Fisher Price Little People

Fisher-Price Little People

For four decades, the little known toy company started by Herman Fisher, Irving Price, and Helen Schelle made whimsical wooden toys in relative obscurity. Shortly after their beginnings in 1930, Fisher-Price (as they called themselves) released the Woodsey Cart, a small animal-drawn wagon with a small wooden driver. The driver had a round head and cylindrical body and was fastened to his seat. Continue reading...

Fluffernutter

Fluffernutter

It’s a snack so decadent that one might immediately assume that the King of Rock and Roll first concocted it. Two simple slices of bread, coated with equal and generous amounts of peanut butter and a delightful product called Marshmallow Fluff. To many kids of generations past, it was the perfect afterschool snack; to those with less-nutritionally-minded parents, it was occasionally a resident of the lunchbox. And, to anyone who ever had the privilege of crossing paths with a Fluffernutter, it was a sandwich that seemed as if it was created through divine intervention. Continue reading...

Foto Electric Football game

Foto-Electric Football

For those who wanted a taste of the strategic side of football before they were old enough to actually manage a team of players on the field, came an ingenious way to learn the skills necessary to carry your very own clipboard someday as an offensive/defensive coordinator or head coach. Foto-Electric Football provided all the training you needed - *Bucket of Gatorade not included. Today, we take a look back at this memorable game from yesteryear. Continue reading...

Frisbee

Frisbee

The concept is simple, but the history of the iconic Frisbee is a bit more complicated. Throwing discs is a tradition that dates back centuries, one that eventually led to the plastic recreational toy that we've carried with us to parks and beaches and backyards and tossed with reckless abandon for over sixty years. Continue reading...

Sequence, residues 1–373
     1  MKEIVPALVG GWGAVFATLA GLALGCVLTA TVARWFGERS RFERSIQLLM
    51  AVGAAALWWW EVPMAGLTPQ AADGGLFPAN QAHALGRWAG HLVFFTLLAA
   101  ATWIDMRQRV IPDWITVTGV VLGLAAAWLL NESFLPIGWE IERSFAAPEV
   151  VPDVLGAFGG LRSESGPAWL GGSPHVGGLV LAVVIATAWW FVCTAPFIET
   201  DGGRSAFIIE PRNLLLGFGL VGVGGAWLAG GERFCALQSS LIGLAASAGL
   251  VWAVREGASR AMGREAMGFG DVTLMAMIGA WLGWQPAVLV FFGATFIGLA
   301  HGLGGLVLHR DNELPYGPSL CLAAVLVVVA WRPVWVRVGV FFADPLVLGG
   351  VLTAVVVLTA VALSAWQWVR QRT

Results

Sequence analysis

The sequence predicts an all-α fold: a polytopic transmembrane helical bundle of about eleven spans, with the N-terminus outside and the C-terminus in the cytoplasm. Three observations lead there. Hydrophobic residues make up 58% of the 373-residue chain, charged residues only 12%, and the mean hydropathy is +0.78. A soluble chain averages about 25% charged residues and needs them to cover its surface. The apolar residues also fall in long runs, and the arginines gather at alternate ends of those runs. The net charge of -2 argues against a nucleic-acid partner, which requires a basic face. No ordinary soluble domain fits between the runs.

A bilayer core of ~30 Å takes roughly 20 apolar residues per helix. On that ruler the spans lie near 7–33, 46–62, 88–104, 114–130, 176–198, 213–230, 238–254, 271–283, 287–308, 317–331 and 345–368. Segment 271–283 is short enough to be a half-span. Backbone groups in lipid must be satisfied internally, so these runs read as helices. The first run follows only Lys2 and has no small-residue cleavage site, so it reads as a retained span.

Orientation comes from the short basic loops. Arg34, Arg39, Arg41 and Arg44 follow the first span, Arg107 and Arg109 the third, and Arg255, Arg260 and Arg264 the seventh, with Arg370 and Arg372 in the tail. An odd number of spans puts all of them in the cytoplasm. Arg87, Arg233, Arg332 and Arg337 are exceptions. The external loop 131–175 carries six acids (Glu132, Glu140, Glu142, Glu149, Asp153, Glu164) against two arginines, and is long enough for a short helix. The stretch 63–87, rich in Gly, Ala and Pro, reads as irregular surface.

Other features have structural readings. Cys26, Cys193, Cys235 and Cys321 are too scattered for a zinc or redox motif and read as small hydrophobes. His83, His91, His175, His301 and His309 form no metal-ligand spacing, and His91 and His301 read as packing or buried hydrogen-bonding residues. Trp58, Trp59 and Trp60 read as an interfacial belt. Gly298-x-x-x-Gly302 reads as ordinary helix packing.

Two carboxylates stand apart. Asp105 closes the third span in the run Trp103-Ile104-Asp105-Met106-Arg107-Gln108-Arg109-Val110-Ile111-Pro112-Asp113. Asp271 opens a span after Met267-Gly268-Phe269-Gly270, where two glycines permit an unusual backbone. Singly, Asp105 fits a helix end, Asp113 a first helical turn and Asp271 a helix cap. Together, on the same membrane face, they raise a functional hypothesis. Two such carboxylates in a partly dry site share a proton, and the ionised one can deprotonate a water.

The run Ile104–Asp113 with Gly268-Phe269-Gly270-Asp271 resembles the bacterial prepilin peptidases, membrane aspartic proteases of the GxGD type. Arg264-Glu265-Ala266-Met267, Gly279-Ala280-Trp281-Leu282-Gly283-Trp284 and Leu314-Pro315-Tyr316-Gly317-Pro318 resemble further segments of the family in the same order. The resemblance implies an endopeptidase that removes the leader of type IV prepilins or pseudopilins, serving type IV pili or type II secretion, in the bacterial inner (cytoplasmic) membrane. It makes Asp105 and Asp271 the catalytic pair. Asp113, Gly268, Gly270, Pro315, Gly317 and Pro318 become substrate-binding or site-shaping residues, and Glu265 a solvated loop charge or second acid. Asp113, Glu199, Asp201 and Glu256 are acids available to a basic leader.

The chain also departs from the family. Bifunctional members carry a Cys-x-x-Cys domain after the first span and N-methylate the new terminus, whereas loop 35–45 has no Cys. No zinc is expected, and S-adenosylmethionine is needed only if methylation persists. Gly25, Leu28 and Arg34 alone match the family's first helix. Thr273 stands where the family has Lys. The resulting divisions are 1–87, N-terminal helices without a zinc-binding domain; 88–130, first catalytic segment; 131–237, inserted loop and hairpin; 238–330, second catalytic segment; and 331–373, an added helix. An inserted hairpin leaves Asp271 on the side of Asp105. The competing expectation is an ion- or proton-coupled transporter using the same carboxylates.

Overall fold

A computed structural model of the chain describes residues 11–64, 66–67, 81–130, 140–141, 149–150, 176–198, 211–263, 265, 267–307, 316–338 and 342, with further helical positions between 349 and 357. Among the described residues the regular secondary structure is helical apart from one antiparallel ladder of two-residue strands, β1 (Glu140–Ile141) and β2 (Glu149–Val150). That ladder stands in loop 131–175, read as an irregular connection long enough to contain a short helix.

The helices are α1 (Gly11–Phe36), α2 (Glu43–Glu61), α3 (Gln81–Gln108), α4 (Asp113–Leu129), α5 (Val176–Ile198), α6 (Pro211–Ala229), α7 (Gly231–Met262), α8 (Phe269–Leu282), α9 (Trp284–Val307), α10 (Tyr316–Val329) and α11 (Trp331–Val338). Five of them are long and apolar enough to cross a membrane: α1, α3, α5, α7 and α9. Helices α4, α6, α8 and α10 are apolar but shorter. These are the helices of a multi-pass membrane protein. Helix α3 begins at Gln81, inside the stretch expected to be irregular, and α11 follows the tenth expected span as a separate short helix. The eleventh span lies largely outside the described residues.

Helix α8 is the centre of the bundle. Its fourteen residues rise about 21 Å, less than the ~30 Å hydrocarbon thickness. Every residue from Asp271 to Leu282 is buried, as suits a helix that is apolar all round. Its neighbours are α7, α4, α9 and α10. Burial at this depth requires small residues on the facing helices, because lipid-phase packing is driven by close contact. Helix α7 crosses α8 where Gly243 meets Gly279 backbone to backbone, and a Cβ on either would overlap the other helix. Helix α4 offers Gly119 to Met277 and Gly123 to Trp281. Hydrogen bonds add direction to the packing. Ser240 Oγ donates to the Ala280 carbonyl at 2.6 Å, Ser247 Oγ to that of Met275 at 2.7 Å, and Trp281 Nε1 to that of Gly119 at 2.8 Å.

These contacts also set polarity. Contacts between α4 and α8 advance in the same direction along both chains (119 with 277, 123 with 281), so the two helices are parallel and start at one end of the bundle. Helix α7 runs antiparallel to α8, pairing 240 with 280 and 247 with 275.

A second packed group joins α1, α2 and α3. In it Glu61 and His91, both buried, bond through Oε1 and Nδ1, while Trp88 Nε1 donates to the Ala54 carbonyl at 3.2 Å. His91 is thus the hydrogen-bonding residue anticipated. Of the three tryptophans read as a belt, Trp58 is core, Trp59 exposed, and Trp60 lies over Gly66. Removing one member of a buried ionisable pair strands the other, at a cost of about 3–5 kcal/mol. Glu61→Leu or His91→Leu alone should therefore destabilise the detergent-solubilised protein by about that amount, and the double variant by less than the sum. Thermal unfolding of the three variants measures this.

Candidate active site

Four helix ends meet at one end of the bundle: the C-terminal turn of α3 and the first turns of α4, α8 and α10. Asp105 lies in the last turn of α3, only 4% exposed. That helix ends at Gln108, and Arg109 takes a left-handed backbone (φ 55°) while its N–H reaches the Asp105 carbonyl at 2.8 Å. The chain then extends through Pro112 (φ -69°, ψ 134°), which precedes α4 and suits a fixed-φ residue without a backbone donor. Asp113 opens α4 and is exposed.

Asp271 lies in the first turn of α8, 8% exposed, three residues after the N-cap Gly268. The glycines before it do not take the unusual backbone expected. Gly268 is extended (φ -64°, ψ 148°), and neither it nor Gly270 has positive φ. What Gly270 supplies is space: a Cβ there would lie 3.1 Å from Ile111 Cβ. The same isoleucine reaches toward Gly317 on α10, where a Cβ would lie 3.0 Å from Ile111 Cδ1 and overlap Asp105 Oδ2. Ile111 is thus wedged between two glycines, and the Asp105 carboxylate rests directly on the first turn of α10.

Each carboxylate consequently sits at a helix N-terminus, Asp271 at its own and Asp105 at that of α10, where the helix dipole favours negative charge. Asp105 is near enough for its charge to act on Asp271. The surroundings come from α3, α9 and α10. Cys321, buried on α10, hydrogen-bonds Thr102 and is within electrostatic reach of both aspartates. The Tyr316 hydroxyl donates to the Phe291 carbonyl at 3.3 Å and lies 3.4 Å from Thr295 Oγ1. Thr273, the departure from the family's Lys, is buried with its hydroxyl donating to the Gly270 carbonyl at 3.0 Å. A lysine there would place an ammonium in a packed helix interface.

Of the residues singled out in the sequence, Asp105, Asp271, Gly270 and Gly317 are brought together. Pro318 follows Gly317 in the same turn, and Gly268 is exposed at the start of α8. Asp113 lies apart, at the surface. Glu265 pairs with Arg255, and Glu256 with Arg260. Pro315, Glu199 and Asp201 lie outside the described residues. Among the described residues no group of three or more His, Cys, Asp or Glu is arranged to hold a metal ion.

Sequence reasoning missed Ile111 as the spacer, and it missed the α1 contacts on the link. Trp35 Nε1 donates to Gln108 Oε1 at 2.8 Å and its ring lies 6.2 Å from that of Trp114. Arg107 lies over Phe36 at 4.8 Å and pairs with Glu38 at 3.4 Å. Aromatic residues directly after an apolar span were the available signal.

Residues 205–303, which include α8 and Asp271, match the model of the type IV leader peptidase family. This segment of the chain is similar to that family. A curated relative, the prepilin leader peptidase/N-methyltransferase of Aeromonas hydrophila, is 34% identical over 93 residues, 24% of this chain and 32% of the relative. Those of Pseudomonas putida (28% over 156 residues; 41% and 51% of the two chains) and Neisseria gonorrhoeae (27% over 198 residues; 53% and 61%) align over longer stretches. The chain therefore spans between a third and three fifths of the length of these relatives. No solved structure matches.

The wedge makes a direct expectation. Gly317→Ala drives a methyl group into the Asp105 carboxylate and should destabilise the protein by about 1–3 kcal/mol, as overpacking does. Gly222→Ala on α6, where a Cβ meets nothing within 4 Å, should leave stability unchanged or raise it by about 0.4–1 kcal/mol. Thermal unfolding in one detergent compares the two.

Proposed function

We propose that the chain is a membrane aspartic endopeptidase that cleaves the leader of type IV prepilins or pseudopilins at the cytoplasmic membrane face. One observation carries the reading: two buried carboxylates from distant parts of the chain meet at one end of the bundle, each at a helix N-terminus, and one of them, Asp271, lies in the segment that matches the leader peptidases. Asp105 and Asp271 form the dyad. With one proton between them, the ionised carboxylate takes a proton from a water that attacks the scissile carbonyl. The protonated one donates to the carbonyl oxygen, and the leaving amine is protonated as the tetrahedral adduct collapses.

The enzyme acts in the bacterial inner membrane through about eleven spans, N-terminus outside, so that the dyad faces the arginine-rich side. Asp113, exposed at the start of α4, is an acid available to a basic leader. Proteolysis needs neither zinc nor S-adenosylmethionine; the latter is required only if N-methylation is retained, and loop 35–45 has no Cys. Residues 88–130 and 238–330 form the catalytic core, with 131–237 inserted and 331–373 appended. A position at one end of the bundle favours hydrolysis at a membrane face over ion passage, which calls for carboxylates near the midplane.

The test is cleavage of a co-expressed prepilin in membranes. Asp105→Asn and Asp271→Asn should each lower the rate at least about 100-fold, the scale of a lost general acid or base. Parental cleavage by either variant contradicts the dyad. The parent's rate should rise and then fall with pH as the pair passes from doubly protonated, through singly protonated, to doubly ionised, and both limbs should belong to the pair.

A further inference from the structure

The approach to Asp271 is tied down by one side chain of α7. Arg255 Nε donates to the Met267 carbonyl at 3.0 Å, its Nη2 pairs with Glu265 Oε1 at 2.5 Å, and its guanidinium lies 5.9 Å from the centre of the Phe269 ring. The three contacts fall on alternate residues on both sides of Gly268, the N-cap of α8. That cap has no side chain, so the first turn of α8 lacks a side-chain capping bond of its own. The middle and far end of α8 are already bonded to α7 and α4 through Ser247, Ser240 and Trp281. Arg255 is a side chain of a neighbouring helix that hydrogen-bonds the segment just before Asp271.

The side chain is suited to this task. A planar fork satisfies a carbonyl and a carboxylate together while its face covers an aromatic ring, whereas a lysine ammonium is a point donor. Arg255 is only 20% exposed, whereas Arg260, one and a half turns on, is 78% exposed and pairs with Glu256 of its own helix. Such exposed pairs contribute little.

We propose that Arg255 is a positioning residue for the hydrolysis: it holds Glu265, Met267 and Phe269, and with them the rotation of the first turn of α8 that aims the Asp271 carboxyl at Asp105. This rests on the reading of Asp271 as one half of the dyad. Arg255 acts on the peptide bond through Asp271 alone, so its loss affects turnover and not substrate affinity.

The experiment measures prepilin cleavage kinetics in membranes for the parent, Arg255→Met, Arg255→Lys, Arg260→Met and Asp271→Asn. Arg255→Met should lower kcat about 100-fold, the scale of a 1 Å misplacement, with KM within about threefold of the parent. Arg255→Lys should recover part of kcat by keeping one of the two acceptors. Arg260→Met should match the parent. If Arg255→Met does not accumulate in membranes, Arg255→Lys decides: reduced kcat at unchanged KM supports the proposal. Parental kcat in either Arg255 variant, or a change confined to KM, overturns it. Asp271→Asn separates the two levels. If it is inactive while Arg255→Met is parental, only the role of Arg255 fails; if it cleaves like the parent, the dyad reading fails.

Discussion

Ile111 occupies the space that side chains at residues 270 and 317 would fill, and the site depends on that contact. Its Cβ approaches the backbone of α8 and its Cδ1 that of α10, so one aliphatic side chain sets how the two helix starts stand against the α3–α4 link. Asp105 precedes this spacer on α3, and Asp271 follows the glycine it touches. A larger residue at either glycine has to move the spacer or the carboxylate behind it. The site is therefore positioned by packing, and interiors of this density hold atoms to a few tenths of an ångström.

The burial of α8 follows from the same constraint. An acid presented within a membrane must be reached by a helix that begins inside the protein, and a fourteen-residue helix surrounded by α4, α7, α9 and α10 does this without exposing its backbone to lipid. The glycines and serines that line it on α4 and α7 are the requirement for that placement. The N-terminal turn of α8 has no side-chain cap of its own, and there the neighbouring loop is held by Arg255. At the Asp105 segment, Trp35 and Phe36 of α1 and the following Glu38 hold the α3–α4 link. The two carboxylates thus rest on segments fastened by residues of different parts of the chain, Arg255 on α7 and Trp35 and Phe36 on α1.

Good Humor Ice Cream

Good Humor

In the scorching heat of a summer’s day, few sounds beckon to a child like the playful jingle of an ice cream truck in the distance - gradually moving closer, block by block, until it finally turns the corner and heads slowly down their street. At the first notice of the approaching melody, kids scatter in all directions, making a mad dash towards the parents, begging for enough change to purchase a frozen delicacy. And for over eighty years, little white Good Humor trucks have done their part to ensure that ice cream is available to all, offering varieties of the very thing that made them famous almost a century ago - ice cream on a stick. Continue reading...

Gumby

Gumby

Friends to the end, Gumby and Pokey, the clay-made cohorts of green boy and orange pony have been entertaining kids ever since Art Clokey created the malleable characters back in the early 50s, utilizing a strange new technique called 3-D Claymation. Gumby first appeared in the 1953 short, Gumbasia, and within four years was a regular on the highly-popular Howdy Doody. Following his success, the Gumbster was given a short-lived series of his own called The Gumby Show, which lasted a mere six months and was hosted by Howdy Doody’s own Bobby Nicholson and later, Pinky Lee. Continue reading...

Hall Passes

Hall Passes

While perhaps not a rite of passage, it certainly offered the right of passage. The hall pass was a permission ship, a declaration of sorts that you had the right to pass through the halls of school – unescorted and with the teacher’s blessing. In its simplest form, it was a roundtrip ticket to the bathroom and worth milking for all it was worth. It gave you a few precious moments of independence to ponder the imponderables, like “So-and-so is really cute” and “I wish the bell would ring,” Continue reading...

Hawaiian Punch

Hawaiian Punch

Until the 1980s, commercial-watching consumers could catch the striped-shirt wearing mascot, Punchy, popping the unsuspecting tourist Opie/Oaf after offering him a nice Hawaiian Punch. Punchy’s fisticuff days are a thing of the past, but that ruby-red concoction many of us have grown to love over the years remains as popular as ever. For over 60s years, Hawaiian Punch has set the standard for fruit punch flavor using Polynesian flavors such as pineapple, guava, papaya and passion fruit (as well as other less-exotic additions, such as apple, orange and apricot), packing quite the punch for fans and aficionados of this luscious libation throughout the years. A.W. Leo, Tom Yates and Ralph Harrison are credited with creating the recipe for Hawaiian Punch […] Continue reading...